Attach the paddle to the bowl and turn the mixer on to low speed. Add 2 of the eggs and mix until completely incorporated. Stop the mixer and scrape down the bowl. Turn the mixer back on to low and add another egg; mix until incorporated. After 3 eggs, the dough should hold a peak when you pull the paddle out of the dough but should immediately fold over onto itself. If too firm, add the fourth egg and mix well. The dough should now be smooth, elastic and firm enough to pipe and hold its shape but not runny . You can test it by putting a heaping tablespoon on a plate. The dough should collapse slightly but still hold a rounded shape. If the dough is still too firm, beat another egg in a small bowl until combined and add about half of it to the dough; mix on low speed until incorporated and check the consistency. If the dough is still too firm, add the remaining egg and mix well; if it seems runny, refrigerate the dough for 15 to 20 minutes before piping.
For éclairs, use a 7⁄16-inch star tip (Ateco #825).
To pipe éclairs, hold the piping bag at a 45-degree angle away from you and start squeezing the bag. When the dough starts to flow, pull the bag up and over the point where you started (as if creating an “S”) toward you and pipe 3 1/2 - to 4-inch long cylinders. When long enough, stop squeezing and lift the bag straight up and over the dough, which will leave a point at the closest end.
With a wet finger, press the points into the dough where you stopped piping; the éclairs should have rounded ends with no point. Use a wet finger to mold any misshapen éclairs. Spray a light coating of cooking spray over the surface of the éclairs. Put the pans in the oven; immediately reduce the temperature to 325°F, and bake for 30 minutes. Rotate the pans and continue baking for 25 to 30 minutes, until deep golden brown and the éclairs feel hollow. Cool the éclairs completely on the pans before filling or freezing them.
Caramelized corn pastry cream
Cut the corn kernels off the cob. Put the butter and sugar in a skillet over medium high heat. When the butter is melted add the corn and salt. Cook, stirring often until the corn is completely tender and slightly browned. Scrape the corn into a blender, add the milk and puree until fine. If the puree is very thick add a bit more milk until it moves freely in the blender. Strain the mixture through a fine sieve into another medium saucepan. Split the vanilla beans, scrape out the seeds and add both the pods and seeds to the milk and heat over medium heat, stirring occasionally, for about 4 minutes, until the milk is very hot and steaming but not boiling.
Meanwhile, in a small bowl, whisk the sugar and cornstarch together.
In a medium bowl, whisk the egg yolks until well mixed and homogenous. Whisk the sugar mixture into the eggs until lightened and fluffy.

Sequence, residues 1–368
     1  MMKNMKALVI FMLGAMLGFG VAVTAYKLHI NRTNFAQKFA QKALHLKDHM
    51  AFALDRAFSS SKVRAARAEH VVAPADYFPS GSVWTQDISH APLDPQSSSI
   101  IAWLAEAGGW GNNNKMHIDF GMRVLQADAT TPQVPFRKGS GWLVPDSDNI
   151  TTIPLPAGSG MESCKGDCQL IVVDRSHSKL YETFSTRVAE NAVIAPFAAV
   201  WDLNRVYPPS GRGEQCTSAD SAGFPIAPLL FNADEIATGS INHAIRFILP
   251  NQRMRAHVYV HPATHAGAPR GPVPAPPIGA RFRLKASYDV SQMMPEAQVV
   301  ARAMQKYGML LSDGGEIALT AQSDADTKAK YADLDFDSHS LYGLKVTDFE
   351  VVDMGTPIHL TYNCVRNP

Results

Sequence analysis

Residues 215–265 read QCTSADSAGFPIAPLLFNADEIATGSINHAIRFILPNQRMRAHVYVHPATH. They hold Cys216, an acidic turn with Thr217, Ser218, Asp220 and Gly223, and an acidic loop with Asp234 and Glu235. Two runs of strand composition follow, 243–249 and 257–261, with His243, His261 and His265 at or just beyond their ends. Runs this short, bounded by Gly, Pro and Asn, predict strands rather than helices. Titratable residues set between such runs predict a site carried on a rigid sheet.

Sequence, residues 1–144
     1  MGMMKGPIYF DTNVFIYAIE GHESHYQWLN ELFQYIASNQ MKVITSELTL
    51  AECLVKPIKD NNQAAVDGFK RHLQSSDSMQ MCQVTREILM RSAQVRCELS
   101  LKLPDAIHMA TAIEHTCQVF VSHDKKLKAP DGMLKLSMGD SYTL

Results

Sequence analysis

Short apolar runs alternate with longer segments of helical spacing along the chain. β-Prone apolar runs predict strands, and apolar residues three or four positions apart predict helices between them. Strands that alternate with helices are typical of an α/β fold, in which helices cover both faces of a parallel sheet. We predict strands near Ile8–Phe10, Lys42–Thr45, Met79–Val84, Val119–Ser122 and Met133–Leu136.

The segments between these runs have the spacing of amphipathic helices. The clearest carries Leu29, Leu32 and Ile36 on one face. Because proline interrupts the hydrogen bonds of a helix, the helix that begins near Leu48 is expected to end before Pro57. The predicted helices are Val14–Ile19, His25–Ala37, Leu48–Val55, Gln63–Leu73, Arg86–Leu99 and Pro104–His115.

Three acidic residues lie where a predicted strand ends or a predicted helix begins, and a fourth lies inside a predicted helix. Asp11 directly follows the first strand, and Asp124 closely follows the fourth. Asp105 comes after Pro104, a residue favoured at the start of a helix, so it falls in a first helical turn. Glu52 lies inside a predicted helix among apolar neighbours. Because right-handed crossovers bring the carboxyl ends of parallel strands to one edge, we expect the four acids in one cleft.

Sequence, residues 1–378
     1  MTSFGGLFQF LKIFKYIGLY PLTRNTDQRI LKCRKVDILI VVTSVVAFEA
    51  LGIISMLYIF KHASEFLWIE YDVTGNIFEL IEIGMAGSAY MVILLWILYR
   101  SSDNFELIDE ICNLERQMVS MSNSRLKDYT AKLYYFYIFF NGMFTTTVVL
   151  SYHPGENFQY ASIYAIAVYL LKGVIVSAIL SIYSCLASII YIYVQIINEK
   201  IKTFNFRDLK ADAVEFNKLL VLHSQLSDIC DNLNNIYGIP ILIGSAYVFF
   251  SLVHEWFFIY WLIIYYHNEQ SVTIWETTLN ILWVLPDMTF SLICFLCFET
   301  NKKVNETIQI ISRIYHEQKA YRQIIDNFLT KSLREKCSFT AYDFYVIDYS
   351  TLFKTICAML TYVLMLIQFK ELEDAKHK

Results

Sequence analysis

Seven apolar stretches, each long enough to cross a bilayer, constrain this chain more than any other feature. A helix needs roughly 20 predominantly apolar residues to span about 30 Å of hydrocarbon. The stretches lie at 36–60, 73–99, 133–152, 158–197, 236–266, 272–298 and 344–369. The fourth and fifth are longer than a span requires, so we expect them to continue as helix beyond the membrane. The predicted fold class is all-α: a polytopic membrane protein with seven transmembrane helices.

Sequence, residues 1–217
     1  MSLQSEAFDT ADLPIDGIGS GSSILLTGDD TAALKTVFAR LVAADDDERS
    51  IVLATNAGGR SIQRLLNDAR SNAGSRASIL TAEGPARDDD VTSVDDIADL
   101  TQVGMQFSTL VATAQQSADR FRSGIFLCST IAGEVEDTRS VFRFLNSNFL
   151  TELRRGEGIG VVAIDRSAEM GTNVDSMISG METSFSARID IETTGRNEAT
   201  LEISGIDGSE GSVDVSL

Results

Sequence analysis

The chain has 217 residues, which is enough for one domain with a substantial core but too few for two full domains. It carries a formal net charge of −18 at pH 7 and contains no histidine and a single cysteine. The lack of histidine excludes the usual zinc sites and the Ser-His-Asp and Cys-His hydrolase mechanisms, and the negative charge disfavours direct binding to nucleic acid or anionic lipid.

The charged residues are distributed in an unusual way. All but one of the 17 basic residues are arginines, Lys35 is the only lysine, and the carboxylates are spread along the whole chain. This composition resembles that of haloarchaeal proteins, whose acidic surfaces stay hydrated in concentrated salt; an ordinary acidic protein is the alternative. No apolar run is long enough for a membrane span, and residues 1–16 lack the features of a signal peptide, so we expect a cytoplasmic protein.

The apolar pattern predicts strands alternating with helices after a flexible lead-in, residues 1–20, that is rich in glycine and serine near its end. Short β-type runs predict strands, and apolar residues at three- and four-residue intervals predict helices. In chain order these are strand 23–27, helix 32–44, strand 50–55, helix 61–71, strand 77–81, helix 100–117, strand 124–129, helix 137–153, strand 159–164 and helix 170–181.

While whisking, temper the egg yolks by pouring about a third of the hot milk over the yolk mixture and whisk very well until combined. Add another third of the hot corn milk and whisk well. Whisk in the remaining milk and pour the mixture back into the saucepan. Return the pan to medium heat and whisk constantly until the mixture begins to boil. Whisk the mixture vigorously at a boil for 2 full minutes.
Remove the pan from the heat and whisk in the butter, a little at a time. Pass the mixture through a fine-mesh strainer into a small baking sheet or cake pan, pressing the cream in the strainer to remove any cooked egg bits. Discard the vanilla bean or reserve for another use. Spread the pastry cream into a thin layer on the sheet; lay a sheet of plastic wrap directly on the surface. Cool the pastry cream to room temperature and then refrigerate for at least 2 hours, preferably overnight. When ready to use, transfer the pastry cream to a bowl and stir with a rubber spatula to loosen it. Pastry cream should be used within 3 days.
Gently crush the blueberries, do not puree. Combine the fruit, lemon juice and sugar in a pot and bring to a rolling boil while stirring constantly. Add the liquid pectin and return to a rolling boil and cook while stirring for 2 minutes. Pour into a container and allow to cool at room temp for 20 minutes and then chill in the refrigerator until set.
Combine the syrup, rose water and orange flower water in a bowl, add almonds and toss to moisten. Place the sugar in a separate bowl and, a little at a time, drain and dredge the almonds in the sugar. Scatter the almonds across a baking sheet lined with parchment paper. Bake at 200º F until sugar is crystallized. Cool and reserve.
Over a double boiler combine the fondant and honey and warm up to 95º–98ºF. Add the lemon juice, zest and color and stir well to combine.
Honeycomb, broken up into small pieces
Poke 4 holes across the bottom of the baked shells. Attach a small plain tip to a pastry bag, fill it with corn pastry cream. Using another pastry bag fitted with a small plain tip, fill with the blueberry jam.
Pipe a small amount of blueberry jam in each hole, then fill the éclairs using the same holes with the corn pastry cream. Dip the shells into the prepared fondant and allow to set. Sprinkle with fennel pollen, place small pieces of honeycomb and candied sliced almonds across the top. Serve as soon as possible.
Reprinted from SUGAR RUSH. Copyright © 2014 by Johnny Iuzzini. Photographs copyright © 2014 by Johnny Iuzzini and Michael Spain-Smith. Published by Clarkson Potter, a division of Random House LLC.